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Challenges for COVID-stressed restaurants as they hope to extend outdoor dining season

So now while some are even building greenhouses, others hope they can extend the outdoor experience with the help of portable heaters.

BUFFALO, N.Y. — Restaurant owners have a lot on their plates these days with trying to stay open amidst the constraints of COVID-19. Now with the weather changing the outdoor dining option may be on borrowed time.

The sidewalk, the patio, the parking lot, and even the street on Chippewa, all became acceptable and welcome warm weather dining options for restaurant owners in Buffalo and elsewhere in Western New York as they were starving for business.

So now while some are even building greenhouses, others hope they can extend the outdoor experience with the help of portable heaters. But if they're powered by propane, the most common and affordable energy source, some are telling us they found out it's technically illegal under the fire code. 

City Council is aware as Delaware District Councilman Joel Feroleto told 2 On Your Side, "Right now it appears that they're not allowed in the City of Buffalo and I have not been able to get any clear guidance or rules."

Feroleto, who represents Hertel Avenue with many restaurants, is actually pushing a resolution to get the city's Permits and Licensing Department to get back to council by next Tuesday with guidance on propane heaters for restaurants. And then if they get a thumbs down he says, "We've already started drafting legislation to make them permittable in the City of Buffalo."

We contacted Buffalo Mayor Byron Brown's spokesman on this question and so far we have not received a response.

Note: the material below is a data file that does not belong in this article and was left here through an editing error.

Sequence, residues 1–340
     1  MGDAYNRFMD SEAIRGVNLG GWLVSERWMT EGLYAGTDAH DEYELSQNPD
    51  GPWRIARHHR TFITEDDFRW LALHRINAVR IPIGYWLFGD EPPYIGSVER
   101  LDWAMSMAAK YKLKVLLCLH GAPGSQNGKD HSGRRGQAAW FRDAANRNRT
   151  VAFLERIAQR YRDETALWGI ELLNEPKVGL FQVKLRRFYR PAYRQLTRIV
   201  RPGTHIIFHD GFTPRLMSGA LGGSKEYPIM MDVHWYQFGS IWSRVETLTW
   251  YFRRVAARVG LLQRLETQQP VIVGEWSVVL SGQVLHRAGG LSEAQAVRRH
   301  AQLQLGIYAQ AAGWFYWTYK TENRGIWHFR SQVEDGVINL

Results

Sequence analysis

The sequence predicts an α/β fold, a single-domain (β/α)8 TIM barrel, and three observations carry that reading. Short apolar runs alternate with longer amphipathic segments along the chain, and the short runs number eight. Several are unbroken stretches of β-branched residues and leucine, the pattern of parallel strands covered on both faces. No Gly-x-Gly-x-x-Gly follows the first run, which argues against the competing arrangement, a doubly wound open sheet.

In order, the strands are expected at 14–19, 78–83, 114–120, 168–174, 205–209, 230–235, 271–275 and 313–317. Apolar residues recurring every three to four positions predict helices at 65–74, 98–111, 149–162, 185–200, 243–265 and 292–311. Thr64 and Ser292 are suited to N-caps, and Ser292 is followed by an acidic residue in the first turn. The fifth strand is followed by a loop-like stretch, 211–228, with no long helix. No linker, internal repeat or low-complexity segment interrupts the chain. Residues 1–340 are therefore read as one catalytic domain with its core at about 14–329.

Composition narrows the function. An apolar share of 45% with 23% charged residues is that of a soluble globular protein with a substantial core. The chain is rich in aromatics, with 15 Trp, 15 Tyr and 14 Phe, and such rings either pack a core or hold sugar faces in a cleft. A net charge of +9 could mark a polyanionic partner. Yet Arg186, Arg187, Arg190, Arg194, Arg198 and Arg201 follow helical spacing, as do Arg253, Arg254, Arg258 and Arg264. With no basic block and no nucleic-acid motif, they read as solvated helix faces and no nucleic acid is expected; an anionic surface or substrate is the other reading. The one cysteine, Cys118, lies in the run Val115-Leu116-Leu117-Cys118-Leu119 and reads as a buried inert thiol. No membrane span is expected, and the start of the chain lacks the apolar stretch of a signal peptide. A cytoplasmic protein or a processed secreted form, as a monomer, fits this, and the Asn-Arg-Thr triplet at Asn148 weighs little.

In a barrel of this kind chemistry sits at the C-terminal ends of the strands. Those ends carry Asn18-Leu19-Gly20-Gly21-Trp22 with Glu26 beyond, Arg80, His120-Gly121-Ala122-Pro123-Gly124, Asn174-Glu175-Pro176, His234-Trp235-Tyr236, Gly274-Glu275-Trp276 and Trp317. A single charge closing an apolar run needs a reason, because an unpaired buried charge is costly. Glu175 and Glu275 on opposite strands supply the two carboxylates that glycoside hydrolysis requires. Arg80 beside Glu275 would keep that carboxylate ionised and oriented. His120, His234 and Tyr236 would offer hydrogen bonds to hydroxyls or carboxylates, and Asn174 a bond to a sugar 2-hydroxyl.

Feroleto says outdoor dining has been a lifeline for these businesses, which he adds may have employed up to 50,000 people in Erie County pre-COVID. As he puts it, "We've heard from a lot of restaurant owners that it's very challenging for them to even pay their bills let alone make a profit with the 50 percent capacity rule in place."

A similar effort to permit propane heaters for restaurants is also underway in New York City. 

This may further raise the question for customers about whether or not they want to continue doing outdoor dining or actually go into a restaurant to eat with potential contact and exposure.  

That's why the owner of the Lake Effect Diner and the Steer Restaurant is not just trying to make sure everything inside is spic and span, but also thoroughly sanitized.

And Tucker Curtin says with limited capacity issues, they've adapted with options such as booths for the diner with an unusual shower curtain barrier, which are also being used by some barber shops and beauty salons to keep proper distance between customers. Curtin says the 50 percent capacity keeps the customer limit at 29. But it could be worse without the shower curtain barriers. 

"This has helped tremendously and allowed us to stay open because without these shower curtains we'd probably only be able to have ten or twelve people in the building," Curtin said.

Over in the Steer there is another barrier in the form of partitions at the bar. 

"The wood that they're made from is the two by fours that we use when we boarded up the establishment and were closed for six weeks," Curtin said. "So we recycled that product and bought some Lexan and created more space so we can allow people to sit at these two seats rather than — you know this is six feet apart — rather than leaving a blank space here."

Elsewhere in the dining area they have some space to work with. But they may try to extend use of their patio as well by opening adjacent garage doors and cranking up a cozy fireplace. 

Curtin says even with the constant sanitation effort on surfaces he's also focusing on air quality. 

"We purchased MERV-13 air filters for all of the facilities - medical grade - and we bought those three days before the governor started talking about malls and gyms putting in these special filters," Curtin said.

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